S4 worlds

The Season 4 League of Legends World Championship, with 40,000 in attendance

This summer I will be studying the online community of League of Legends, a five versus five competitive e-sport. With a population of players larger than the population of France, League of Legends is a massive e-sport that has its own culture and large scale competitive events. Within the game of League of Legends, I will be examining “what makes the dream-work”, or in other words, what the recipe is that allows five players from all across the world to cooperate in a task more strategically complex than any sport aired on ESPN. To do so I will be researching cooperation and altruism with a sociological lens in addition to interviewing key members of this young and growing e-sport in hopes that the knowledge in uncovering the source of cooperation and altruistic behavior in this e-sport can be applied to further cooperation and altruistic behavior in a globalized world.

We look forward to hearing about your findings, Rodger, and we hope this research allows you to amass a substantial cache of Influence Points.

Andrew

Summer Research Award for SOAN’s Elena Becker

Hi all,

Elena located a rope swing

Elena and a rope swing she located.

Here’s our second winner. More to come! So as you many know, the University of Puget Sound offers students competitive Summer Research Awards. These awards, varying from $3250 to $3750, allow students to pursue an in-depth research project over the summer months. Several students in the department were successful this year, and I’ve asked each to tell us a little bit about what they’ll be doing with their time, energy, and stipend monies in the coming summer. Here’s what Elena Becker (SOAN Sophomore) had to say:

This summer I’ll be exploring the cultural authenticity of tourism in Malaysian Borneo. I’m researching whether tourists there experience authentic indigenous culture, or if their encounters with the Dayak (indigenous people) are usually staged and curated by tour operators. Through this investigation I aim to shed light on the variety of cultural expectations held by tourists, tour operators and indigenous groups and the implications of these beliefs for indigenous cultural preservation. I’ll spend six weeks in Malaysian Borneo in the states of Sarawak and Sabah.

The department is proud of you, and we look forward to seeing the results of this project. Good luck, Elena. We’ll definitely be checking in with you for an update from the field! Andrew

Summer Research Award for SOAN’s Carolynn Hammen

Hi all,

Carolynn Hammen, who evidently found her way to the shores of this Swiss pond

Carolynn Hammen, who evidently found her way to the shores of this Swiss pond

As you many know, the University of Puget Sound offers students competitive Summer Research Awards. These awards, varying from $3250 to $3750, allow students to pursue an in-depth research project over the summer months. Several students in the department were successful this year, and I’ve asked each to tell us a little bit about what they’ll be doing with their time, energy, and stipend monies in the coming summer. Here’s what Carolynn Hammen (SOAN class of ’16, and currently studying abroad in Switzerland) had to say:

For my project, I will be examining migrant access to psychological healthcare. I have the incredible opportunity of partnering with the International Organization for Migration (IOM) office in Cairo, Egypt to conduct my research, where I will be also working as an intern in the psychosocial health division. During my stay in Cairo, I will be using the resources of the IOM to examine barriers–both cultural and policy-based–that prevent migrants from obtaining or seeking psychological healthcare. I will also be conducting a review on existing policies and programs that aim to make psychological treatment accessible to migrant workers. Once identifying their weaknesses, I will work with the IOM to construct new policy recommendations to help improve said policies and/or programs. I am incredibly excited to embark on this adventure, and to see the results of this project!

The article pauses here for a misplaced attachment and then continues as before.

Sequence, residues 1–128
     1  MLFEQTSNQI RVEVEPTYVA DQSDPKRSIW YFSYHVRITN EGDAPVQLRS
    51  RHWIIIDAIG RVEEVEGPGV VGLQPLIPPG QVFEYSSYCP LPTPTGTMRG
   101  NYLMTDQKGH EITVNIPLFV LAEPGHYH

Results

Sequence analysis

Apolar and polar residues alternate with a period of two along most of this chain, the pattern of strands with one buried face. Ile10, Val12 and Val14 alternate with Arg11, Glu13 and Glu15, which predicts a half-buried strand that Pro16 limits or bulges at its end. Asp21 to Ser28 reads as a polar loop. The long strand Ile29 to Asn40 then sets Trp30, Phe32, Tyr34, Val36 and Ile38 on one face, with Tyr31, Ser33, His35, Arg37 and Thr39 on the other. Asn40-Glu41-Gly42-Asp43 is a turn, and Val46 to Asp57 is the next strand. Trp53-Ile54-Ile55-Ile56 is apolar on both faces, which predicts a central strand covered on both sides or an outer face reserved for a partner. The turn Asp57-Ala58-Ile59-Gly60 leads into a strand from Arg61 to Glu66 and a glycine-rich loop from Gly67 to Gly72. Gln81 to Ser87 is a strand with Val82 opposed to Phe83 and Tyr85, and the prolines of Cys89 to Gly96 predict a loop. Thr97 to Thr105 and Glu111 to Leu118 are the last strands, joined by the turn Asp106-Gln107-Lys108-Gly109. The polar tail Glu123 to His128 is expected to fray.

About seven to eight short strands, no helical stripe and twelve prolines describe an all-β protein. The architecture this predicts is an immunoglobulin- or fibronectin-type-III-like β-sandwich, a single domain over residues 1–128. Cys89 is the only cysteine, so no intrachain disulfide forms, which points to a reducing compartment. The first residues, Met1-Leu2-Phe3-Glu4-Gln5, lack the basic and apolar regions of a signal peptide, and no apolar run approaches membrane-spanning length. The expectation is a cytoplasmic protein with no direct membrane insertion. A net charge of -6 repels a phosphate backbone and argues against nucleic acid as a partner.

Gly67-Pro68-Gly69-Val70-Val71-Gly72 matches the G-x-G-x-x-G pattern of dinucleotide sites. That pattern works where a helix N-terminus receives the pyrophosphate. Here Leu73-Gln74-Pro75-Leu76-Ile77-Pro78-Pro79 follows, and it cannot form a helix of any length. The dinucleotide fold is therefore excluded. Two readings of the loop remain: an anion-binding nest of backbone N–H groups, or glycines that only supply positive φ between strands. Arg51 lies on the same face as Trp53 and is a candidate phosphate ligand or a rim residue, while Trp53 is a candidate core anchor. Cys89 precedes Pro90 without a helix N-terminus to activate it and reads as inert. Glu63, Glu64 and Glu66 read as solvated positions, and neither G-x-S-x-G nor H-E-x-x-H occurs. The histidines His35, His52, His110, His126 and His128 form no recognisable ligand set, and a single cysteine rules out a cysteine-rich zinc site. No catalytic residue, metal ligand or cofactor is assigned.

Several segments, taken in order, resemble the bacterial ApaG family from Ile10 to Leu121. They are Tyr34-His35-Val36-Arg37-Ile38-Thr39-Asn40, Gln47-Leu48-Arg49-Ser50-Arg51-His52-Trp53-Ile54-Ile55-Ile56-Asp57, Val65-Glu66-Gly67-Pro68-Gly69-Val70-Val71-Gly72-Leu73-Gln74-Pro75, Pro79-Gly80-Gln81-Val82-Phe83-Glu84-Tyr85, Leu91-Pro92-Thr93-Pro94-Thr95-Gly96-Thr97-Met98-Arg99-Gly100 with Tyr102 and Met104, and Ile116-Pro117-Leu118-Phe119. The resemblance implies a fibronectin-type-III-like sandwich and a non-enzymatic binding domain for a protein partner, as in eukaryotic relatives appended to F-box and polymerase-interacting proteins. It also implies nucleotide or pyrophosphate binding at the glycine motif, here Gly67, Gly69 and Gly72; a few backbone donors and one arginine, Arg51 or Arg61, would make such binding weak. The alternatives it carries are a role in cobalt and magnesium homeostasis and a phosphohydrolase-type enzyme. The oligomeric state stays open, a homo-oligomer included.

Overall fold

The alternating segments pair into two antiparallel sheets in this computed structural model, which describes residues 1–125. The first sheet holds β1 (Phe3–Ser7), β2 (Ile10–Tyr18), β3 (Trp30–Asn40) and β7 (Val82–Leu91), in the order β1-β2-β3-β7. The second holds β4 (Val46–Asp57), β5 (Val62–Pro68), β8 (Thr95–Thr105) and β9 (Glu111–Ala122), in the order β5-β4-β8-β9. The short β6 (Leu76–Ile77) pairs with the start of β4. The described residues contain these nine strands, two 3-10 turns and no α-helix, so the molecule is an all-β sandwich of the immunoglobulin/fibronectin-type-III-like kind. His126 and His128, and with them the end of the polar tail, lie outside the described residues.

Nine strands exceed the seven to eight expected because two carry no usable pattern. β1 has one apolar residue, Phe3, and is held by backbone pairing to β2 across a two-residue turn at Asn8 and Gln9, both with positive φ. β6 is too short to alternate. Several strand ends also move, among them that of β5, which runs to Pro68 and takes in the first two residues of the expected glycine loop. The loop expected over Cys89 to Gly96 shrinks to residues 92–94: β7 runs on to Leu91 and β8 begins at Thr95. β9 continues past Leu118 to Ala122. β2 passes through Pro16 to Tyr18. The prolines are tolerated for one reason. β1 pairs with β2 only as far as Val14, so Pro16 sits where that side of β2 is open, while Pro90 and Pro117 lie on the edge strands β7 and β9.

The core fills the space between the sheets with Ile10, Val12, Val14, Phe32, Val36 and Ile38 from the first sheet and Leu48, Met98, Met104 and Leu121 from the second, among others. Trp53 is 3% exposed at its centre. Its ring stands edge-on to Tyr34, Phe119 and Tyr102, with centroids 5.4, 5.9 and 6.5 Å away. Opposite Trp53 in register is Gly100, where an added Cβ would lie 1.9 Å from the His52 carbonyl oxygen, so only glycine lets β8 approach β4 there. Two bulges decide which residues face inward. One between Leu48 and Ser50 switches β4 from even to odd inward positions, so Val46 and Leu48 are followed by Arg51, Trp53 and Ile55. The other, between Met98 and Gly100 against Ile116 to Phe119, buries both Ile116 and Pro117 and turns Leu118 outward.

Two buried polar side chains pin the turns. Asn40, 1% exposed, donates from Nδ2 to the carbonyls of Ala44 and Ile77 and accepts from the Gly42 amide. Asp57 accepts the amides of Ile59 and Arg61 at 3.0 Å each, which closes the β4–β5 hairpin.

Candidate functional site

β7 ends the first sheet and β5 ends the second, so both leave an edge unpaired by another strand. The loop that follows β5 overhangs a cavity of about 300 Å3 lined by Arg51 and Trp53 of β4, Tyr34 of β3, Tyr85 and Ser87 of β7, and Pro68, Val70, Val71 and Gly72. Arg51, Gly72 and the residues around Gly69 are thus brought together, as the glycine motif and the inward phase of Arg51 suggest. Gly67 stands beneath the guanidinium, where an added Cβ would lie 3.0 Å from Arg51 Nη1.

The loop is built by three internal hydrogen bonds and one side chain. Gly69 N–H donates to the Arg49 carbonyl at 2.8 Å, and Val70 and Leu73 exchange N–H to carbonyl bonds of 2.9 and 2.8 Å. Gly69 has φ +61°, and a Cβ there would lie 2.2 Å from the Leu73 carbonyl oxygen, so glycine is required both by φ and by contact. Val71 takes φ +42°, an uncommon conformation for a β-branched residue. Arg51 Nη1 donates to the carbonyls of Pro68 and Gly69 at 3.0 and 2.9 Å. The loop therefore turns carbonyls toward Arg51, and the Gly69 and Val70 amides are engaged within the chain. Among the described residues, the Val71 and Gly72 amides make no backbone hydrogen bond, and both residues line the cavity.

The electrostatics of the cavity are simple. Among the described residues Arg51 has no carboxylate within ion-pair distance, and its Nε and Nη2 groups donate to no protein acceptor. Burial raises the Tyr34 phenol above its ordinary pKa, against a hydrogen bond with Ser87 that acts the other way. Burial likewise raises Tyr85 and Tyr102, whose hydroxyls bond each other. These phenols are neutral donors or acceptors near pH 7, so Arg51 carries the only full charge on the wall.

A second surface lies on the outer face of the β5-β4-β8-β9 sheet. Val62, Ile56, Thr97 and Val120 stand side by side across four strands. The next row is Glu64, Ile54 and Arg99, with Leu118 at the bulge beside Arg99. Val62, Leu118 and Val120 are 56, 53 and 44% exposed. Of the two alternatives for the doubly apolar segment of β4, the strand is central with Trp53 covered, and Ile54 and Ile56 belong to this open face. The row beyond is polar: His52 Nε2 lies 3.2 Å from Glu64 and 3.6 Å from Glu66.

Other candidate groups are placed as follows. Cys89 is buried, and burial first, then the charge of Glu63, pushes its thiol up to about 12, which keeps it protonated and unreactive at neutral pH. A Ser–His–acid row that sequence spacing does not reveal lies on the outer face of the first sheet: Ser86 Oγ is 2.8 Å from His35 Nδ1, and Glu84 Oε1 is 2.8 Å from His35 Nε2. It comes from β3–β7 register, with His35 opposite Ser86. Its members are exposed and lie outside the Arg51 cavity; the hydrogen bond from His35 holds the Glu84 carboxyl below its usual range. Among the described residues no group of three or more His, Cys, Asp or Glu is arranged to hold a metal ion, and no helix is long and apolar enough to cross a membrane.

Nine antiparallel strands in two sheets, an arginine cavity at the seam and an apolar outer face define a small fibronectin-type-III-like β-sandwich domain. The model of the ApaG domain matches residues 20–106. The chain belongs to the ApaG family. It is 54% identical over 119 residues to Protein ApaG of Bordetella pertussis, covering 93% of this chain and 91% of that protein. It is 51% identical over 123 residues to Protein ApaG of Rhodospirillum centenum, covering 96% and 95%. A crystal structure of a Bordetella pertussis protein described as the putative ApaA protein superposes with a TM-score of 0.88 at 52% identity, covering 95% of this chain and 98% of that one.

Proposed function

That does sound like an amazing opportunity, Carolynn, and we can’t wait to hear how it goes. And summer in Cairo … well, that will be an experience of its own. Good luck, and we’ll look for an update later in the summer.

Andrew

Thai Language to be Offered at Puget Sound Next Year

Over the coming years, the University of Puget Sound will see a new engagement with Southeast Asia, thanks to a grant from the Luce Foundation, including new language offerings, on-campus programming, and faculty-led study abroad opportunities. Next year, Thai language will be offered for the first time (as far as I know) on our campus. We encourage SOAN students interested in the region to consider taking Thai 101 in the fall, and Thai 102 in the spring. The courses will count toward Puget Sound graduation requirements as well as the Asian Studies emphasis.

Thai 101 will be offered in Fall, 2015. We plan to offer Thai 102 in Spring, 2016

Thai 101 will be offered in Fall, 2015. We plan to offer Thai 102 in Spring, 2016

If you have any questions, please contact Gareth Barkin.

Professor DeHart on Knowledge and its Limits

Hi all,

Professor Monica DeHart will be part of an interdisciplinary conversation about ways of knowing tomorrow evening. This conversation, organized by the Science, Technology, and Society program here on campus, convenes representatives from the different disciplines to discuss (and potentially debate) knowledge and its limits. Here’s the key information:

Date: Wednesday, April 1
Location: Thompson 193
Time: 4:00 – 5:30
Refreshments: Affirmative

And here’s the STS flyer for the event:

Knowledge and its Limits